AMD introduced a second version of its I/O virtualization technology specification today. This latest specification extends AMD's I/O Memory Management Unit (IOMMU) benefits to provide secure, scalable, high-performance for I/O virtualization in x86-based servers and computers.
AMD Virtualization Technology (AMD-V) and the AMD I/O Virtualization Technology (IOMMU) Specification revision 1.20 are also designed to provide high throughput and overall system efficiency.
The new specifications are a big step in the right direction, according to analysts. "There's no single magic bullet to banishing I/O inefficencies as evidenced by the multiple technologies embodied by IOMMU," said Illuminata analyst Gordon Haff. "And that's what it will take; concerted chipping away by all the players in the ecosystem."
Burton Group analyst Chris Wolf gives the revisions a stronger endorsement, advising IT managers procuring virtualization to get this spec because it allows for significant performance gains, and security. "Aside from the security, the new hardware assisted memory virtualization will offer substantial performance gains," Wolf said. "The architecture gives virtual machines direct access to I/O. The trade off is you lose some of the hardware independence."
AMD first made its I/O virtualization technology specification widely available in February 2006 through royalty-free licenses to encourage its adoption by hardware and software developers.
"In the time since
With quad-core processors now being used to run applications, IOMMU provides the platform for virtual machines to manage I/O devices in a secure and efficient manner, according to Terri Hall, vice president Business Development, Strategic Alliances at AMD.
IOMMU revision 1.20 offers the following enhancements to handle the needs of a wide range of systems:
- Enhanced security and system reliability adds precise device access control to protect against malicious or errant device DMA.
- Enhanced virtualization capabilities improves performance and scalability by enabling direct device access by applications reducing overhead in guest and device paths.
- Open Standards designed to conform to PCI-Sig IOV and ATS standards
- Interrupt remapping enables central management of interrupts in a virtualized system.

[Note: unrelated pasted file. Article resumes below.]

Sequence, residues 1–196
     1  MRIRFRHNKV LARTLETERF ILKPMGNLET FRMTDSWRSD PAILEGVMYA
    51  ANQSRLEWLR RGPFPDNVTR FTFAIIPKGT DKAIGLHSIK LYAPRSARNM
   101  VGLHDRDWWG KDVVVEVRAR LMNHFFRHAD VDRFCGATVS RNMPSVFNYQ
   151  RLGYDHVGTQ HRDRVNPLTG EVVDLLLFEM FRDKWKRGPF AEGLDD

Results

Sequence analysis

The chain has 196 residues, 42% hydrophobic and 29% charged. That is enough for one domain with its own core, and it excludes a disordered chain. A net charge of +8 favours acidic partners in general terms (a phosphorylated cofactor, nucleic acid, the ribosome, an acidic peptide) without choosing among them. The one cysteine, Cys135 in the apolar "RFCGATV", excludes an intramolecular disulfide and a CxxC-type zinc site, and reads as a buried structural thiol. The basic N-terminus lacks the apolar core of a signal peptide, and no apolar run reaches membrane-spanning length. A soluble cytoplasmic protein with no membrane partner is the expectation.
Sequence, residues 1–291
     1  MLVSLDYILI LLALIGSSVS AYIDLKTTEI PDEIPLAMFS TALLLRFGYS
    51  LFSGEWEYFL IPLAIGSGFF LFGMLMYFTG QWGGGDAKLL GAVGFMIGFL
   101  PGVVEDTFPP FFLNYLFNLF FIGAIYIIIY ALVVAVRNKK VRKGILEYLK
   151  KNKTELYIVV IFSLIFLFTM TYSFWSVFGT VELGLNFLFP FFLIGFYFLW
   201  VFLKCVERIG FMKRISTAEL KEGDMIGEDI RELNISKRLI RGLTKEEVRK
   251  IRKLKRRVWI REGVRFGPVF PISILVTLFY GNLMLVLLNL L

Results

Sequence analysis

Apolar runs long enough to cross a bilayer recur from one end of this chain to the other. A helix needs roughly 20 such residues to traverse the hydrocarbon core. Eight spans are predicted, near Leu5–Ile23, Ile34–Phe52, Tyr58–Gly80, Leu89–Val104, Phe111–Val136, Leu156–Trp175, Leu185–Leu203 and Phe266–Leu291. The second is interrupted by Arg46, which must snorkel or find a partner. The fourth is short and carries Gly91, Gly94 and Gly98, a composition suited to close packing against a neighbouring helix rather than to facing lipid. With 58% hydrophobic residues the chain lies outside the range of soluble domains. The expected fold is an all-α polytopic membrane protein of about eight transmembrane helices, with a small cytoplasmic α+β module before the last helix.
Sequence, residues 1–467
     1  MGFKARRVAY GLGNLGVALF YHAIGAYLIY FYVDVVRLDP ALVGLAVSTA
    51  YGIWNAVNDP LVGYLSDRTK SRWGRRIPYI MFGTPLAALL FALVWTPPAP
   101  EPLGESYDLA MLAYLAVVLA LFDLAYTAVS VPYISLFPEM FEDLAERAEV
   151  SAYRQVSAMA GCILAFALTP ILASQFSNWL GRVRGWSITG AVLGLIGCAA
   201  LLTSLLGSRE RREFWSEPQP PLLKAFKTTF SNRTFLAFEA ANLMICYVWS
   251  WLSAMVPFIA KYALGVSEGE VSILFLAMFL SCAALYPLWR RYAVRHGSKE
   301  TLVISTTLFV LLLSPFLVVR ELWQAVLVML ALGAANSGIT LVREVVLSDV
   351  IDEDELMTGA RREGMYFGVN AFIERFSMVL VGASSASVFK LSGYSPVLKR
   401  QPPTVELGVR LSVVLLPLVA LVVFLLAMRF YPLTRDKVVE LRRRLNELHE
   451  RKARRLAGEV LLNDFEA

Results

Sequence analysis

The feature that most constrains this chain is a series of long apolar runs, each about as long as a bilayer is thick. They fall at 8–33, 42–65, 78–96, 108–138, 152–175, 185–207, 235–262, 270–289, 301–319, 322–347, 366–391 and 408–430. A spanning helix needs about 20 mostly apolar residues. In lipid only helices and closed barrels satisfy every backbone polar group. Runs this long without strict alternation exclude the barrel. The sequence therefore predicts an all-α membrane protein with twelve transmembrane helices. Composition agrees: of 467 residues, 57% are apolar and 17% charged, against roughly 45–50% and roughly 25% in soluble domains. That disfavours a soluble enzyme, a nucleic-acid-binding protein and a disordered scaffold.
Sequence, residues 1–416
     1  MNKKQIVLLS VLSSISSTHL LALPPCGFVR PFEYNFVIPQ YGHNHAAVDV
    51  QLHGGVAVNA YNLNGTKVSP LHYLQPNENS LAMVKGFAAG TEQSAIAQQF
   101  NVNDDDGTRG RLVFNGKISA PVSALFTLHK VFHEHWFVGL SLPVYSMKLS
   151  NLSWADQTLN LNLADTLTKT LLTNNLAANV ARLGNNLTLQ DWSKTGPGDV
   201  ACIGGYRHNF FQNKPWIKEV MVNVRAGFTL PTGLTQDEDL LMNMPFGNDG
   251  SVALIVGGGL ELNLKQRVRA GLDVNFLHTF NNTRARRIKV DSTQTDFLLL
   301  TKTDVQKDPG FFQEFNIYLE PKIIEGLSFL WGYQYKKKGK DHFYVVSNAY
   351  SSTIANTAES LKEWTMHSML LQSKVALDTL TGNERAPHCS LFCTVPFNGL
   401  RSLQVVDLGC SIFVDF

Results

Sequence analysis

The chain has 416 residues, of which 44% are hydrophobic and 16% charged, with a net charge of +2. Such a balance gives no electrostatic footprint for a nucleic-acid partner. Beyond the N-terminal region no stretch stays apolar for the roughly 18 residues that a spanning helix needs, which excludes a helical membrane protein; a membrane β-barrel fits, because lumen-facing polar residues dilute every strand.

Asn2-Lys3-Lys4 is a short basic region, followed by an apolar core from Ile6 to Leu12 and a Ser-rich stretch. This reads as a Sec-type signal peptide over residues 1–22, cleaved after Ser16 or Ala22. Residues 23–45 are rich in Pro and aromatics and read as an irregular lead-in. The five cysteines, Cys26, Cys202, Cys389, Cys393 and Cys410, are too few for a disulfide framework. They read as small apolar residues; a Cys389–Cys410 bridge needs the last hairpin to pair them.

- ACPI tables provide information from platform firmware to system software of key I/O topology information
- Enhanced error recovery provides information for efficient detection and recovery from page faults and errors.
The specification is designed to be used by hypervisors and operating systems in both virtualized and non-virtualized environments, and is useful for server consolidation, protecting operating system integrity, and secure initialization, AMD reports.
Looking at these features, Wolf said: "Reliability comes with the ability to isolate channels. This hardware allows isolation in the entire I/O channel, allowing you to prevent errors and security vulnerability on one virtual machine from affecting other virtual machines."
Generally, said Wolf, support for nested paging in AMD's Opteron processor is a big plus for virtualized envionrments. "It allows virtual machines to have access to physical memory, instead of just shadow paging," he noted. "This really helps with performance when there are hundreds and even thousands of (concurrent client connections) by giving access to hardware. Not having access to physical memory slows the machines. This is what has kept companies running enterprise applications from virtualizing."
The I/O specification is one aspect of AMD's Torrenza initiative. "Torrenza" represents an open, customer-centric x86 platform, with AMD64 architecture that enables other processor and hardware providers to innovate within a common ecosystem.
This latest version is the basis for AMD's Tightly Coupled Accelerators, allowing third-party chipsets to perform specific functions while off-loading general computing functions managed by the AMD Opteron processor.
Let us know what you think about the story; e-mail: Bridget Botelho, News Writer.